They’ve been my personal property for months, and now they are hanging out at the Bryant Library on the north shore of Long Island for all the world (or the tens of library patrons) to see:

People who know where to find me (hint: in the used book store on Fridays from noon – 3pm, and on Saturdays from 1 – 4pm) have asked me about certain aspects of their construction and I honestly can’t remember a lot of the details of making these things.

I also have to think hard to remember the order in which I made them. That’s my first castle on the left, and my second castle on the right:

There was a time when I wanted to give each castle a name and a back-story, but I like this austere display better. This floor-to-ceiling case is very modern and uncluttered, and it leaves each viewer free to make their own interpretations.

Speaking of interpretations, when I was in Las Vegas in October, I crossed paths with an interesting cake display in the pastry shop at the Aria casino:

Now I know the size and shape of my next castles.

Five feet tall, with tiers.

And I have to make two, of course. One with colors, and one in monochrome (because I can’t decide which I like better).

What is up with all the hoopla about Bush 41? I do not remember him being such a beloved figure during his presidency, which gave us the first bullshit Gulf War and then he left Saddam Hussein in power so he could kill a million Iraqi and Kurdish civilians, and he continued Ronnie Reagan’s apathy towards the AIDS epidemic, and then he gave us Bush 43 and don’t get me started on that.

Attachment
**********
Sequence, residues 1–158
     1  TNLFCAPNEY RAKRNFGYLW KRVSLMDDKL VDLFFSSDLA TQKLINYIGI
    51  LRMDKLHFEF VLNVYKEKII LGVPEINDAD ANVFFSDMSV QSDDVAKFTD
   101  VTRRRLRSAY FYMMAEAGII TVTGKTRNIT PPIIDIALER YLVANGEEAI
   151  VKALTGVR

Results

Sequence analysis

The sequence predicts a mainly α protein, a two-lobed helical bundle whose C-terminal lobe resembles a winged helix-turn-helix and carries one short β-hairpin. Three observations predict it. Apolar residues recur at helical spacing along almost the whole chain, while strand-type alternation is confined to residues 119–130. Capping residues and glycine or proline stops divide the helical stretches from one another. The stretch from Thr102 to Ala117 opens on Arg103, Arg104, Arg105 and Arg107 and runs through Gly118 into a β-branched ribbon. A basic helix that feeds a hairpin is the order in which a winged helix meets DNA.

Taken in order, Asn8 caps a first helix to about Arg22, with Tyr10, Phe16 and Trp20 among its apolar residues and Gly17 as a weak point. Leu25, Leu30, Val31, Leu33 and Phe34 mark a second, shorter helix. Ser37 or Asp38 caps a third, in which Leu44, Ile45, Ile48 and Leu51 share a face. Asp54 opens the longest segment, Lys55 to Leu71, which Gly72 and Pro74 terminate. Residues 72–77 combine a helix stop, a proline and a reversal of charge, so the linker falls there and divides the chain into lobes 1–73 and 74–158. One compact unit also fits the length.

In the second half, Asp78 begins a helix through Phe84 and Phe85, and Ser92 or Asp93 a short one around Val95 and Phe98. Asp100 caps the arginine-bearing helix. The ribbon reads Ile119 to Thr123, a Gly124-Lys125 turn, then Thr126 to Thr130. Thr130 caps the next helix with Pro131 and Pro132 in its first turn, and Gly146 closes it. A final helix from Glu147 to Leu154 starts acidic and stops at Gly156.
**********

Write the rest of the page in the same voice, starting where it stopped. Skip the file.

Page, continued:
Let’s remember that Bush 41 was a mean, lying, race-baiting (Willie Horton) Republican who puked into the lap of the Japanese Prime minister at a state dinner (January 8, 1992).  I don’t care that when he became decrepit he was a nice old fart who wore zippy socks. He’s still a creep in my book.

This just in: LinkedIn, the website where everybody is a CEO of something, and they brag their “dynamic” leadership and how they went to Harvard because they took a three-hour seminar at the Kennedy School; yeah, that LinkedIn…anyway, I got an email from LikedIn this morning telling me that my resume/profile was searched three times yesterday.

Naturally, I had to click. Were the people at the MacArthur Fellowship looking for me so they could finally give me my big fat Genius Award?? I mean, have you SEEN my castles???

Well, no, it wasn’t a $625,000 payday for me.